The income stream could be at risk if China’s long-running property boom reverses and local real-estate prices fall. Land provided 41 percent of Tianjin’s income in 2009, according to China Index Academy, a Beijing real-estate research firm.

‘Credit Quality Problems’

“This could be a source of credit quality problems, possibly leading to debt rescheduling,” says David Marshall of CreditSights Inc. China faces a 60 percent risk of a banking crisis by mid-2013 in the aftermath of record lending and surging property prices, according to Fitch Ratings.

Yan, of the regulatory commission, says just one-third of local-government loans have been issued for projects with sufficient cash flow to cover repayments.

“Local-government-backed financing vehicles in Tianjin have no risk,” Tianjin Mayor Huang Xingguo says.

Chen says the bank has about 700 billion yuan in outstanding loans to local governments.

“I’m not worried about them defaulting because China Development Bank has a special relationship with the government,” he says, speaking in an April 14 interview from China’s tropical island of Hainan. “CDB has been financing local governments from the outset.”

New Privileges

Even as the Chinese government may take away some of CDB’s privileges, it continues to grant new ones. CDB Capital, the bank’s private-equity arm led by Zhang Xuguang, is licensed by China’s cabinet as the only Chinese bank allowed to make direct investments. In a December brochure for its fund of funds, CDB Capital said it “inherits CDB’s primary goal of servicing the state.”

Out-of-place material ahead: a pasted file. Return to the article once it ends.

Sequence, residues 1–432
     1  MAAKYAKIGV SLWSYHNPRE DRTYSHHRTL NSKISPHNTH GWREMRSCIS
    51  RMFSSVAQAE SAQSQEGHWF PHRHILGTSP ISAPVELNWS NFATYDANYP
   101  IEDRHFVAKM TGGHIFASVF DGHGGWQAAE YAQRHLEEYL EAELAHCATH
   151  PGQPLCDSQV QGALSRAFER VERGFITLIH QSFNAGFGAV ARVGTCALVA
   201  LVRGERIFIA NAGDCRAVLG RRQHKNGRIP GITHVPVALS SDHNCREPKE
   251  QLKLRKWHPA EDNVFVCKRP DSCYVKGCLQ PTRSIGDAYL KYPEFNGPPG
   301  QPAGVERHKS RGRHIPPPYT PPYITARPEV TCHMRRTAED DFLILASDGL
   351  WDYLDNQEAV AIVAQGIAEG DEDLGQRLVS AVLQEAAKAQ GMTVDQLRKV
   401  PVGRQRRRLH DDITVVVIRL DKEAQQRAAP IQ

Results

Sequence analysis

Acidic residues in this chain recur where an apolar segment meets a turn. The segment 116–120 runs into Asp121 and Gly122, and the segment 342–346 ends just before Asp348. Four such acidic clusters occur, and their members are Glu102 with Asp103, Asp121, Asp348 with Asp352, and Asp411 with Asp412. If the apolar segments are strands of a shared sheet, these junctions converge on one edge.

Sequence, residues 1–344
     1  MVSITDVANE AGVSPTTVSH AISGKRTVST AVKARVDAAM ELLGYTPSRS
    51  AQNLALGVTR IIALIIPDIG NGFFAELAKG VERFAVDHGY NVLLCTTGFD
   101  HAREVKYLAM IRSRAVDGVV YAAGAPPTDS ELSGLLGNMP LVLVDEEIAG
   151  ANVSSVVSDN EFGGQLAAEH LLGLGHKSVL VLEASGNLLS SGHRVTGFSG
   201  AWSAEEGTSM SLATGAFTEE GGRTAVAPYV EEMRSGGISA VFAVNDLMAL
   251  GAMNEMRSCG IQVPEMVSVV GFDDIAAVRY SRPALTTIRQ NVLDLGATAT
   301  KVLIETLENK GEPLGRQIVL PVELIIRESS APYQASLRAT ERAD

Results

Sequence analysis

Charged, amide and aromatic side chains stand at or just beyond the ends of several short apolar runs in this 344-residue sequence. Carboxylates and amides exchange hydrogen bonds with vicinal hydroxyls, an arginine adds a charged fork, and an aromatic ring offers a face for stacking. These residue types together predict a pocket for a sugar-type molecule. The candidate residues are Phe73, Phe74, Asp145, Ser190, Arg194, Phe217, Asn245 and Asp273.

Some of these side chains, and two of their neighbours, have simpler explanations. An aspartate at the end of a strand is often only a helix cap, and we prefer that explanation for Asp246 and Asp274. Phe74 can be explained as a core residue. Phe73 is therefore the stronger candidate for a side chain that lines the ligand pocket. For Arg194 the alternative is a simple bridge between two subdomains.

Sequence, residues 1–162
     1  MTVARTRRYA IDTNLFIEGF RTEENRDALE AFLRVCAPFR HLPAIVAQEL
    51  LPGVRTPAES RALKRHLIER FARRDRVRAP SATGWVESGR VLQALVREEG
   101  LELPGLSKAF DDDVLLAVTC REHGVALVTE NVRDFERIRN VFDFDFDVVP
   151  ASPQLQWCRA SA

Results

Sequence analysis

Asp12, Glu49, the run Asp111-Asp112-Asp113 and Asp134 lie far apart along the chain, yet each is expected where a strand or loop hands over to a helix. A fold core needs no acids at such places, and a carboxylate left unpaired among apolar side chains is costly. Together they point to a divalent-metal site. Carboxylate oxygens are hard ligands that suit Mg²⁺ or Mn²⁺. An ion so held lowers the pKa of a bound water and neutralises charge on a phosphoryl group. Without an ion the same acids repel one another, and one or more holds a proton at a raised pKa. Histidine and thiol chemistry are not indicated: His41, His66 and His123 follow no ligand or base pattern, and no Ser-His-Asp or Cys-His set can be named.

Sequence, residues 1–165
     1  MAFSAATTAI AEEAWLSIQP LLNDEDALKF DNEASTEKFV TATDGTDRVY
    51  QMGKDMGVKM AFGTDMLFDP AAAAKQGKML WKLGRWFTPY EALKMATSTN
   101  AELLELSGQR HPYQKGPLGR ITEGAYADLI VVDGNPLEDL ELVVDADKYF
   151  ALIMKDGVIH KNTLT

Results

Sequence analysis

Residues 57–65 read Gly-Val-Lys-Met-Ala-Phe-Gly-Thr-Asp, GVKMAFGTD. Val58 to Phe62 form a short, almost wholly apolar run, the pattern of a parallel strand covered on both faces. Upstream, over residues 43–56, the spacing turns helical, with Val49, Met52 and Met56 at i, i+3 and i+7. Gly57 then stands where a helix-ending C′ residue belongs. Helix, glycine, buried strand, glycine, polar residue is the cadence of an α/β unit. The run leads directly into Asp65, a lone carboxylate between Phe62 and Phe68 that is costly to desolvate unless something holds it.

CDB Capital’s investments include the 7.8 billion yuan China-Africa Development Fund, which was inaugurated by Chinese President Hu Jintao in 2006. It also holds stakes in state-owned companies such as Qingdao Beihai Shipbuilding Heavy Industry Co. and Shanghai -Meishan Iron & Steel Co., according to the brochure.

“China’s private-equity industry is very particular,” Xie Ping, vice president of China’s $332 billion sovereign wealth fund, which along with the Finance Ministry owns 100 percent of China Development Bank, told business leaders at Beijing’s Diaoyutai State Guest House on Dec. 28. “It has the imprint of the state.”

If CDB Capital pleases its Communist Party bosses, Chen Yuan may yet find a statue of himself in the private-equity unit’s Beijing lobby, next to that of his father. That may depend on whether he can navigate the bank’s loss of its special lending status and can rein in its debt risks at home and abroad.